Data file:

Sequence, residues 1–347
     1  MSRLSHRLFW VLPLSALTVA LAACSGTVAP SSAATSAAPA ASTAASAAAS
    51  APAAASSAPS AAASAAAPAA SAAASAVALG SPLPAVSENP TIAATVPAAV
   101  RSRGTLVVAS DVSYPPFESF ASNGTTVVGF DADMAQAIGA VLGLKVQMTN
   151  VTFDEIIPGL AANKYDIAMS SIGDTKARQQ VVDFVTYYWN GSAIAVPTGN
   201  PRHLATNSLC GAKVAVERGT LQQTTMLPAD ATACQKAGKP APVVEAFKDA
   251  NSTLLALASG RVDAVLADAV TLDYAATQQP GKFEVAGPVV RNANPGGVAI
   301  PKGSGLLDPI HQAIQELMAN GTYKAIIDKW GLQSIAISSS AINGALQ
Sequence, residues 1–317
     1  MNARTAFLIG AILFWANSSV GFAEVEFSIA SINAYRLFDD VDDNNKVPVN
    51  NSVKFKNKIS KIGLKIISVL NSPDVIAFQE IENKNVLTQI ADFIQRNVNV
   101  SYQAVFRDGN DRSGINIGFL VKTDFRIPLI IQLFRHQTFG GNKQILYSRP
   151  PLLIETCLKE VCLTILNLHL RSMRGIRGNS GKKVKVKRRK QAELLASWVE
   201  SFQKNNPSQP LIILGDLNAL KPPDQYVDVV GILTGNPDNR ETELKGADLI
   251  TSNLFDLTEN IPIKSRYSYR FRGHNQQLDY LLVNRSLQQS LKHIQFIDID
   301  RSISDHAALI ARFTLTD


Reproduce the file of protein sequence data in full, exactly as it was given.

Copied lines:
Sequence, residues 1–347
     1  MSRLSHRLFW VLPLSALTVA LAACSGTVAP SSAATSAAPA ASTAASAAAS
    51  APAAASSAPS AAASAAAPAA SAAASAVALG SPLPAVSENP TIAATVPAAV
   101  RSRGTLVVAS DVSYPPFESF ASNGTTVVGF DADMAQAIGA VLGLKVQMTN
   151  VTFDEIIPGL AANKYDIAMS SIGDTKARQQ VVDFVTYYWN GSAIAVPTGN
   201  PRHLATNSLC GAKVAVERGT LQQTTMLPAD ATACQKAGKP APVVEAFKDA
   251  NSTLLALASG RVDAVLADAV TLDYAATQQP GKFEVAGPVV RNANPGGVAI
   301  PKGSGLLDPI HQAIQELMAN GTYKAIIDKW GLQSIAISSS AINGALQ
Sequence, residues 1–317
     1  MNARTAFLIG AILFWANSSV GFAEVEFSIA SINAYRLFDD VDDNNKVPVN
    51  NSVKFKNKIS KIGLKIISVL NSPDVIAFQE IENKNVLTQI ADFIQRNVNV
   101  SYQAVFRDGN DRSGINIGFL VKTDFRIPLI IQLFRHQTFG GNKQILYSRP
   151  PLLIETCLKE VCLTILNLHL RSMRGIRGNS GKKVKVKRRK QAELLASWVE
   201  SFQKNNPSQP LIILGDLNAL KPPDQYVDVV GILTGNPDNR ETELKGADLI
   251  TSNLFDLTEN IPIKSRYSYR FRGHNQQLDY LLVNRSLQQS LKHIQFIDID
   301  RSISDHAALI ARFTLTD